How to awaken your creativity through physical exertion

Why moving your bod leads to a flood of creative thoughts

by Jonas Ellison

I’ve read a lot of books on writing, advertising, and creativity in general. There’s one common thread that runs through most of them — movement. It’s a highly suggested power tool to creativity.

Creative people just seem to like to get out and move. Some like to run, hike or lift weights. Either way, moving your body seems to lead to bursts of creativity.

I can attest. It’s helped me, for sure. I always put Rory in the backpack and we go for quick 1–2 mile walks around the neighborhood. They’re enjoyable. They provide us with fresh air. And she likes seeing all the dogs that are out being walked. Good stuff.

But lately, I’ve been kicking up the intensity. I’ve extended the walks to 3 miles. And soon, hopefully, 4, 5, and more. We’ll probably start going on more uphill hikes as well.

I even got the Nike+ running app where I record my times. I can’t run with her back there (and she hates her jogging stroller right now — always wants to get out and chase birds), so fast walking is what I’m limited to for now.

But I’ve noticed that the more intense our walks get, the better ideas I get. I don’t just walk for enjoyment anymore. I try to make it as hard on myself as I can.

Tell your asshole brother to shut his face.

Author and creativity coach Julia Cameron often talks about two parts of our brain.

One part of the brain, she calls our ‘logic brain’. This is the survival-based, fight-or-flight, reptilian brain that we’ve had since the stone age. It’s sole purpose is to keep us safe and to procreate. To keep the human race alive. Pretty much it.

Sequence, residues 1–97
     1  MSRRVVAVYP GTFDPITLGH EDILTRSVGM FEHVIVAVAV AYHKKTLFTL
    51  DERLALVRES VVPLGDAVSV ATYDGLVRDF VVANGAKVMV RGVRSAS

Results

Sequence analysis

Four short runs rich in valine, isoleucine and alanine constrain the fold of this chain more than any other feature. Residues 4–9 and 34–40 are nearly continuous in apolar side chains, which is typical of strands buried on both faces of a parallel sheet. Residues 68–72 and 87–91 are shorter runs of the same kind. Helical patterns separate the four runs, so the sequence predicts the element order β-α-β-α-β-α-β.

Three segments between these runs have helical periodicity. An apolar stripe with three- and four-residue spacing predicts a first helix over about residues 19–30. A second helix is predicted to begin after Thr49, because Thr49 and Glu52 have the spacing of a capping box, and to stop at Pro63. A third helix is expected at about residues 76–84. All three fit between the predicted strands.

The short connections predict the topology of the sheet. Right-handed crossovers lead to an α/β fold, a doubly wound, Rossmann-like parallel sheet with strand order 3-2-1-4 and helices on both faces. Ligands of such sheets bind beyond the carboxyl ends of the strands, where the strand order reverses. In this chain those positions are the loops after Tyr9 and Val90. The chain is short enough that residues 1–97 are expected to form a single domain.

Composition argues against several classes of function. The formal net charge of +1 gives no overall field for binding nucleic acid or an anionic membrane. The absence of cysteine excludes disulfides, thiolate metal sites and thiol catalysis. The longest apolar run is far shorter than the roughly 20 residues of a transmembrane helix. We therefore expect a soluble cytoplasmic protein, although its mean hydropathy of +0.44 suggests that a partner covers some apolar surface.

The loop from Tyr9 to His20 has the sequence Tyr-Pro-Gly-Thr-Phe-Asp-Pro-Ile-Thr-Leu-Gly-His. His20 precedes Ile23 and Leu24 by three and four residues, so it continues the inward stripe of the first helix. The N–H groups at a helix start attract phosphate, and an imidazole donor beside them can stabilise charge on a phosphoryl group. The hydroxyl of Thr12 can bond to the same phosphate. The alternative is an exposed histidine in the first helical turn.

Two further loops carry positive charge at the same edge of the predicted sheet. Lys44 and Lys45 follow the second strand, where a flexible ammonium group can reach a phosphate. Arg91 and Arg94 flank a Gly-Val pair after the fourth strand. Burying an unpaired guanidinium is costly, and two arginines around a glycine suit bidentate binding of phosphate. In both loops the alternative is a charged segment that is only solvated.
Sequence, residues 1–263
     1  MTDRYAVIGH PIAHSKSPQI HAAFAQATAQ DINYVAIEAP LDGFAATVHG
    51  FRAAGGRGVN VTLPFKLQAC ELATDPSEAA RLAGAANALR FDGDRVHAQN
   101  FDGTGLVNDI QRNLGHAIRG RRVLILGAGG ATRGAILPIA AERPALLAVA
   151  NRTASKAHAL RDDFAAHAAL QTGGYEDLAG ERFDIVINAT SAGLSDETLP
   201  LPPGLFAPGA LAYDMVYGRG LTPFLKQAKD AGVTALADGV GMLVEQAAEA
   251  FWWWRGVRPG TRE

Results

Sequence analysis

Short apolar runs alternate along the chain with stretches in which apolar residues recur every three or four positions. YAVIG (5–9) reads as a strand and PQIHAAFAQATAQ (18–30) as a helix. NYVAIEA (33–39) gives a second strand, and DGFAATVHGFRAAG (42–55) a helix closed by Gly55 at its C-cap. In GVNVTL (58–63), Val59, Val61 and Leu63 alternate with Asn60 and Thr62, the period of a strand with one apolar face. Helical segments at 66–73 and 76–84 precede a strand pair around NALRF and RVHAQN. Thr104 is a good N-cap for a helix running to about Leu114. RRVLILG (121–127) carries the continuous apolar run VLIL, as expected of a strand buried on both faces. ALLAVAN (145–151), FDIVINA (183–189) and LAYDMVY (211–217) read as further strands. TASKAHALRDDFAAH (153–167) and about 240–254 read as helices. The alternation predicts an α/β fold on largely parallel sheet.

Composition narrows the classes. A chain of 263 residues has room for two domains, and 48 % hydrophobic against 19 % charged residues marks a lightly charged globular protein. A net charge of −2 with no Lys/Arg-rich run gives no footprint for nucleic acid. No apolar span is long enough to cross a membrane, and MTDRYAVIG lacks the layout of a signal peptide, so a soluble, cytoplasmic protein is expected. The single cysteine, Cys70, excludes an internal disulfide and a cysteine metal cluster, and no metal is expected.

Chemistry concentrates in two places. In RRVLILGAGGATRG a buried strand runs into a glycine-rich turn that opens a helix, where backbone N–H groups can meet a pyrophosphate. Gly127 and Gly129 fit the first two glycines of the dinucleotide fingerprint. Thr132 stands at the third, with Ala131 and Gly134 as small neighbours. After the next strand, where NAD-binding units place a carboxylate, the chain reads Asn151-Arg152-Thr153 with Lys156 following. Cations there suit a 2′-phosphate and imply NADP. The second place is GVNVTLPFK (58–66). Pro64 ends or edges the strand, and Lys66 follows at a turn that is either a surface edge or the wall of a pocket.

As we humans evolved, we grew a bigger and bigger frontal cortex (forgive me, I’m no evolutionary biologist, but you get my drift). This is what Cameron refers to as the ‘artist brain’. It wants nothing but to play and create.

The ‘artist brain’ wants to be free, but its overly protective asshole older brother, the ‘logic brain’, constantly tells it to shut up and get a job.

This inner battle between the ‘logic brain’ and the ‘artist brain’ rages on 24/7.

Ever have that intuitive hit that says you should write the next great novel? That’s your ‘artist brain’. Then, do you hear that nagging voice that pops up and tells you you’re stupid for even thinking about that and asks you how are you going to make money doing that. That’s the ‘logic brain’.

Most of us listen to the ‘logic brain’. It’s just so… Intimidating. And sensible. It’s why we work at the same low (but steady) paying job for years and years without ever doing the thing we love.

Get your ass in gear and move

Well, strenuous physical activity is the key to shutting your asshole brother — the ‘logic brain’ — up. Allow me to explain…

When our bodies are in an active state, the ‘logic brain’ immediately kicks in and goes on watch. We’re moving fast, we have a toddler strapped to our back (or is that just me?) there’s a cliff, there’s a car backing out — whatever. We’re constantly somewhat in danger.

So the ‘logic brain’ is occupied with this apparent danger. We’ve put it to work doing what it does best — keeping us alive. Instead of butting in where it has no place — like ‘coaching’ us about our art and career choices — it’s doing its thing by making sure we don’t roll our ankle. Good boy.

When the ‘logic brain’ is occupied like this, our inner-child, erm, ‘creative brain’, can come out and play. Freely.

If you just train your psyche to open up to it, and to be on the lookout (creative hits often come as flashes of brilliance that are here one second and gone the next), it’s amazing what we can come up with.

So go. Run. Swim. Hike. Lift. Move your bod. And bring a notebook. Cuz you’ll want to take note of what comes out.

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